A word that I had to learn as a new foster mom was “trauma.” I was like, huh? What trauma? And honestly that’s the best way to answer it, “what trauma” is right. We have no idea what these kids have been through or experienced and may never know in some cases. And that’s so hard because if we don’t know what they’ve been through, how can we possibly know when or if something triggers an unending trauma tantrum. If you have a child that frequently loses it over food, that child may have not had enough to eat to the point of feeling starved in their developing years. If you have a child that loses it because a door is closed, that child may have been left alone for extended periods of time. Or maybe you go somewhere and you have no idea why the child suddenly started having erratic behaviors. Maybe he smelled something that triggered a memory, maybe he saw someone that looked familiar, maybe someone was wearing the same jacket as an abuser and it flipped him into past fear. That’s the hard part. We don’t always know and are many times walking right in the middle of a storm.
For us personally, we are in the middle of a tough week. A week that came on suddenly sparked by an innocent everyday thing that brought back a traumatic memory for our little one. This week is also wrought with the anxiety of a new school year starting soon and other hard things that she has to understand. As she process and melts and rages against all that isn’t fair in her world, our family lies in trauma’s wake. The storms rage around us and we stand in the middle crying out to God.
But then I am reminded….God spoke to me last week. The week before the storm….Sometimes I call you INTO the storm, but it doesn’t mean you aren’t where you’re supposed to be.
Oftentimes people think if we are in the middle of a storm we aren’t where God wants us, but that’s not always true. Sometimes, he tells us to go straight into the storm because that’s where he needs us. Life is messy. God calls us to get in the middle of the mess and be his hands and feet. He calls us out of the safety of the boat and onto the water and asks us to keep our eyes on Him and not look at the wind and waves around us. We don’t always understand it, but that doesn’t change the fact that we are called.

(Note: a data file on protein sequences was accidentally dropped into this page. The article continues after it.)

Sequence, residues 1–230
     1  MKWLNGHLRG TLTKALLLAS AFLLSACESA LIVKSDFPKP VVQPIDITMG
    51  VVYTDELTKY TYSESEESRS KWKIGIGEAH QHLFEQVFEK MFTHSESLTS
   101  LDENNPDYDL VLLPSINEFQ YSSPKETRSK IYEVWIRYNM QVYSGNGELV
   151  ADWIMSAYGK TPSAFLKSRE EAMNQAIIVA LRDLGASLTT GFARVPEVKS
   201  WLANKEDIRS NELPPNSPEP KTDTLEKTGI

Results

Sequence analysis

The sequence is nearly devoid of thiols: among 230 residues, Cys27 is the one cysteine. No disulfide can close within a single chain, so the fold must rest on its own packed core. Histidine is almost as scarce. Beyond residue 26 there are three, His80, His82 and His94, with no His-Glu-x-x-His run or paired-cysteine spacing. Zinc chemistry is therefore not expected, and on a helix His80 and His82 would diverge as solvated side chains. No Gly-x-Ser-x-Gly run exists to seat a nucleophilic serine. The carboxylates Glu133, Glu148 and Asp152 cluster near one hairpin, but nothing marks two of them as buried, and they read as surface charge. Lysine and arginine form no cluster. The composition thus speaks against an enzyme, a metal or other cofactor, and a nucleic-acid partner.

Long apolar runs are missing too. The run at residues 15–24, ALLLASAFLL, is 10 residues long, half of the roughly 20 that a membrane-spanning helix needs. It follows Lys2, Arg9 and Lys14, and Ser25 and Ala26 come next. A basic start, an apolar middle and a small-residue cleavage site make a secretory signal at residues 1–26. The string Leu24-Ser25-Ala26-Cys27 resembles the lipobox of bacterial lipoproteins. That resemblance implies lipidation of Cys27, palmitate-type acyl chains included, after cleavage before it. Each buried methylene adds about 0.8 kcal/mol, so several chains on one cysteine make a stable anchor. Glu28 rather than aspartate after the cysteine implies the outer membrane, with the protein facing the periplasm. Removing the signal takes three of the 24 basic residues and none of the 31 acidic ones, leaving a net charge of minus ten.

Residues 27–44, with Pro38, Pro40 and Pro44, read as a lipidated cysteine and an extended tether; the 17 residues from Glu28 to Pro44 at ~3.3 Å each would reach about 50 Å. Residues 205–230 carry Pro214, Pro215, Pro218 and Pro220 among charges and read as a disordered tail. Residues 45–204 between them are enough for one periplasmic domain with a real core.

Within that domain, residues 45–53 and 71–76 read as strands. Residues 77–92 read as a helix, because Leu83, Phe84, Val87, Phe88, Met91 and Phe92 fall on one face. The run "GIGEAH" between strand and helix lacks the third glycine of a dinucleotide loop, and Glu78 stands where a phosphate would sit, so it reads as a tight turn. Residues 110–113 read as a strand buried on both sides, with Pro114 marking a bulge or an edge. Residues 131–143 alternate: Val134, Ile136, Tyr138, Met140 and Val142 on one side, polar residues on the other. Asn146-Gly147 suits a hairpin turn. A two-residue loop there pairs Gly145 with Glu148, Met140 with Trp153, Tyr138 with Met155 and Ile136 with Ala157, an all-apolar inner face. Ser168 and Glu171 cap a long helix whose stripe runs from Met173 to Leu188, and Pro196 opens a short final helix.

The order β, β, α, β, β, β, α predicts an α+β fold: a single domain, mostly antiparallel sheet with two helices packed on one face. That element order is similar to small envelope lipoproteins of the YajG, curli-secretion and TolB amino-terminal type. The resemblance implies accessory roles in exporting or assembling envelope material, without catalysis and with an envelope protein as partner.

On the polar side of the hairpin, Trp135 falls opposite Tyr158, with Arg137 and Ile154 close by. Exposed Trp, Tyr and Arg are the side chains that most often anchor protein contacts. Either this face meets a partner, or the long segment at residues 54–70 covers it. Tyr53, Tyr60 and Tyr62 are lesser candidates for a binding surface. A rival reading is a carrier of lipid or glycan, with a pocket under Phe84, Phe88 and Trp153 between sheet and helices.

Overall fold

This week pray for our family. Pray for little miss as she doesn’t process hard things at all and her rages look and feel terrifying to those on the outside. Pray for my bio kids as her rages are hard on them. Many of you may think that having bio kids is a reason not to foster, but let me assure you that they are a reason to foster. You have no idea how much compassion and love these kids have because they are a foster sibling. Yes, it’s hard, but greatness doesn’t come easily in life, and these kids are growing into greatness. Pray for us, because even though many of you think we are saints, I promise you we are not. We are only human and are weary.
Sometimes he calls us to do hard things. Those things can bring us to His feet calling out for help, but they can also bring us great joy. Though we are in the middle of a storm right now, seasons change, and little miss does bring us joy. She is a precious little somebody who needs to know she is loved, that she is special, and that she was chosen. She has leadership qualities, or as my little brother would say, “you mean she’s bossy like you?” I say, she has great leadership traits. She is hysterical with a great sense of humor, and keeps us laughing. She has a kindness, compassion and uncharacteristic gentleness inside of her. Pray that God will do a mighty healing inside of her, so that she can do great things for Him, and so that her true spirt can shine and that trauma and fear and anger will no longer take over.